According to a Bloomberg report, following the footsteps of
the U.S. banking major
The Goldman Sachs Group, Inc.
), some of Japan's key banks are coming up with investments in
the country's domestic solar power industry. Among these banks,
Mitsubishi UFJ Financial Group, Inc.
Mizuho Financial Group, Inc.
) and Sumitomo
Mitsui Financial Group Inc.
) are planning to invest in the solar business on the
anticipation of huge returns.
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Notably, in 2012, the investment in Japanese solar installations
was 223 billion yen. Therefore, these Japanese banks anticipate
investments to reach 1.8 trillion yen ($19 billion) by 2016. The
expected hike is primarily attributable to the Japanese
government's subsidy program, which was initiated in Jul 2012.
This program is anticipated to propel Japan as the world's
third-largest market of solar power in 2013. The incentive
related to the subsidy program is almost three times the sum that
countries like Germany offers to its solar industries.
The subsidy program had an instantaneous impact on Japan's solar
business. Notably, domestic shipment of solar cells and modules
jumped 80% to 627 megawatts (MW) in Jul to Sep 2012 compared with
the prior-year period. Further, this prompted international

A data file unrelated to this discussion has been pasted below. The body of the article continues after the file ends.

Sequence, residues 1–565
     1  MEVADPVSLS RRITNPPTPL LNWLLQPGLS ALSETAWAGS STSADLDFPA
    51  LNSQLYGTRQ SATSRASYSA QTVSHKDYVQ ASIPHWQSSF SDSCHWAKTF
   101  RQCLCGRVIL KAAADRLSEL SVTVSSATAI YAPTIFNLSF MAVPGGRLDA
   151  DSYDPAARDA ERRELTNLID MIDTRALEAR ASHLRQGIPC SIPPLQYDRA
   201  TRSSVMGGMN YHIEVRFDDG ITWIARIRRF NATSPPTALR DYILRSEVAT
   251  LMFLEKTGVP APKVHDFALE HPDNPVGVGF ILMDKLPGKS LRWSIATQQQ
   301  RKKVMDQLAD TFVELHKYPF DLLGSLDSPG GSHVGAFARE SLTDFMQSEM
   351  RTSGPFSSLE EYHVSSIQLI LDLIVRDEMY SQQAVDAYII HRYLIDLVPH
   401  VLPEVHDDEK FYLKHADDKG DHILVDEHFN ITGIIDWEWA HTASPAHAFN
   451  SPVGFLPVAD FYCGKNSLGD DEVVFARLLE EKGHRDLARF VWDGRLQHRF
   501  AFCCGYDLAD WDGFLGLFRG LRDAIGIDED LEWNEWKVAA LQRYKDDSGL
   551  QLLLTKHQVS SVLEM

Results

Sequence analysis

biggies such as Goldman and IBM Japan Ltd. to enter the Japanese
However, the opportunities in the solar industry may not last for
long as the policies will likely be reversed or terminated. The
Japanese government anticipates that the subsidies, better known
as feed-in tariffs, will be the primary factors behind
enhancement of fresh investments. But the incentives for solar
energy might be brought down to the range of 35-39 yen a
kilowatt-hour (kWh), from the existing rate of 42 yen per kWh for
For the domestic Japanese banks, investing in the flourishing
solar industry would partially mitigate the reduction in lending
that occurred in the last 3 years. Japanese banks were highly
affected by the sluggish macroeconomic environment, which
resulted in lack of enthusiasm from the borrowers.
We believe that the solar boom will result in the banks
collecting more revenues. However, there is also fierce
competition among the banks for gaining control of the